I’ve have had it up to here!
In the year 2448, just days after the Yiddin left Mitzrayim a certain individual uttered the words ‘I’ve had it up to here.’ And if those weren’t his exact words, they were certainly meant convey that message.
According to the Cambridge Dictionary, the term “had it up to here” is used when someone has suffered because of someone or something and is no longer able to bear with the issue. The Urban dictionary gives this example for the expression “I’ve had it up to here.” It is usually used to describe when one has lost all patience for a situation or a person. Moreover, an exaggerated hand movement is commonly used alongside this expression, in other words: the expression comes with a hand gesture. I’ve had it up to here means and conveys that one has reached the end of one’s endurance or tolerance. The bottom line: the idiom “have had it” means azoy: to be frustrated to the point of exasperation (with someone or something). In this usage, the phrase can be followed with “up to here” as an intensifier.” When one has “had it up to here” one is completely worn out. One is exhausted with the situation. And taka that’s how many of us feel with this farkakte corona virus which continues to disrupt our lives. Daily, the governor of New York treats us to the numbers; we get to see the count of those newly infected, those on ventilators, those who expired since yesterday’s count, those expired since the onset of the virus, and a few other numbers. Local politicians and the media provide the gory details.
And it’s emes: for the most part, people have taka had it up to here. People want their lives back. Families want to reunite. Yiddin want their shuls open and there are at least three different views on how this may one day happen. Avada it’s not surprising that rabbis do not agree; what is surprising is that there are but three opinions. Ober not to worry; more are zicher coming; it’s what rabbis do. Yet more opinions, proposed rules and regulations will surely follow. Soon we’ll be busy arguing over which rabbi to follow, who was right, and which shul to attend once open. Grada this is quite relevant as mamish hours ago, New York’s governor announced that beginning Thursday –tomorrow mamish, religious gatherings of no more than 10 people will be allowed statewide if they are practicing social distancing and wearing masks. Seemingly, even at the state level, the importance of a minyan is not lost. Will we be making shul reservations? Buying tickets on-line? Pre-assigned seating? Just a few months ago, most shuls sent out notices that masks were verboten; my how the times have changed. Veyter.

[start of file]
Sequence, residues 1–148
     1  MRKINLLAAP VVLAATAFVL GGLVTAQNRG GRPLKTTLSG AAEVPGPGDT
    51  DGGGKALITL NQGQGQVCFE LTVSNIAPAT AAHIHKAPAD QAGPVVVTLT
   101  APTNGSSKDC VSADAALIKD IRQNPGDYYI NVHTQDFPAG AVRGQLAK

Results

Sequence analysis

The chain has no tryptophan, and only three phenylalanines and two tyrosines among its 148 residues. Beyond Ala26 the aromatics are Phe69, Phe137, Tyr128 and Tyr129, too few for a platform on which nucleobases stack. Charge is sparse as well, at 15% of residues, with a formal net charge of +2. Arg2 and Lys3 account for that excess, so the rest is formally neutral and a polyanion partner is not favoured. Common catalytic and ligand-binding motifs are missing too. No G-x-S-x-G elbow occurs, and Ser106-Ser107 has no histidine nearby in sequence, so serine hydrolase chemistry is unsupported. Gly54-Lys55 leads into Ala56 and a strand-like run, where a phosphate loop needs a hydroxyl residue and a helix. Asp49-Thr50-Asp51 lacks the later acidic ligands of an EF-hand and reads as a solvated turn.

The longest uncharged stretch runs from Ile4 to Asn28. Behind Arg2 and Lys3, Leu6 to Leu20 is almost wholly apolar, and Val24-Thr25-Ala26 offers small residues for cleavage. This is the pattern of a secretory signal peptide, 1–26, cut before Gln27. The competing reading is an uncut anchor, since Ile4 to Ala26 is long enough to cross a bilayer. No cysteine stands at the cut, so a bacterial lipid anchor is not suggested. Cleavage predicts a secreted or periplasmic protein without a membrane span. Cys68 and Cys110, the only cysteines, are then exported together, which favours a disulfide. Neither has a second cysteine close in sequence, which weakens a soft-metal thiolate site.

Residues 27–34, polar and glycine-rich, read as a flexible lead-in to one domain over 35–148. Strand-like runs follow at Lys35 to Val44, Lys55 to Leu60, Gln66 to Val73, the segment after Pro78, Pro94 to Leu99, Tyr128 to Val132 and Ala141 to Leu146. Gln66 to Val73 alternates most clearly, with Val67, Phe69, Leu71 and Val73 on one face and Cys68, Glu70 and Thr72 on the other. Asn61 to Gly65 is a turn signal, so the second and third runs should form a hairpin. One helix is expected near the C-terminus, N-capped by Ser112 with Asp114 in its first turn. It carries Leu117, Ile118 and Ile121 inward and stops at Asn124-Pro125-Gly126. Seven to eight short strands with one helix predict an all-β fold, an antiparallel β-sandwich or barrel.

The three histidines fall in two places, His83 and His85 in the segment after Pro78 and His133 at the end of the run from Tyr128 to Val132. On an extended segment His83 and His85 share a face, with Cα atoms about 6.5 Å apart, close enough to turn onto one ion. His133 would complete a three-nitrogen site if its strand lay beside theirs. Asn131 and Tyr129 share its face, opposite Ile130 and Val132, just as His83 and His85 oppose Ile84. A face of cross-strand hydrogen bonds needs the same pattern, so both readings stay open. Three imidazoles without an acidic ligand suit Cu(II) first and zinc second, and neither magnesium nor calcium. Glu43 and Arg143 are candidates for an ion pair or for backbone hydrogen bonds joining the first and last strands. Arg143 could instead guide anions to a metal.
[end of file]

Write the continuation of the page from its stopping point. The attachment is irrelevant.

Speaking of numbers, avada we should mention that this week we begin reading (laining when shuls are open) Sefer Bamidbar, also known as the Book of Numbers. Why numbers? Because as the parsha (also aptly named Bamidbar) opens, mamish in the second posik (Bamidbar 1:2), we are treated to numbers. The RBSO orders a count, the third census in under two years. He wants stats; how many men are there in each tribe over twenty years old, how many are fit to bear arms. Numbers and flag formations account for most of the parsha and shoin that ends our review of the parsha. We will be back with expanded parsha coverage soon.
In last week’s posting, somewhere on page one, we were bemoaning the fact that few, if any of us, know anyone by the name Yochai, the father of Rebbe Shimon bar Yochai whose life was commemorated and celebrated on Lag b’oimer. We also mentioned Kolave ben Yifuneh, another great gentleman, one much loved by the RBSO as his name too was never popularized. Why? Ver veyst? Interestingly, the goyim do name their kids Kaleb, a name the Oisvorfer only heard back in the 60’s when watching shows like He-Haw. Ober, in our circles, can you name even one Kolave, Caleb or Kaleb? Mistama not!
Anyway, we’re back with another edition of ‘why aren’t there more people with that name’? This week we begin with, and efsher also end –unless the Ois has an epiphany and another topic pops into his head while stroking the keyboard- with this very topic. Grada it has some relevance to the parsha as we will explain below. We will remember a gentleman, a good guy, efsher even a frontline hero, by the name of Nachshoin ben Aminodov. Who was he? Why are we shouting him out in Parshas Bamidbar? Doesn’t his story take place in Bishalach? What was his story? And the key question are: what words de he supposedly utter? How are his related to our world of today?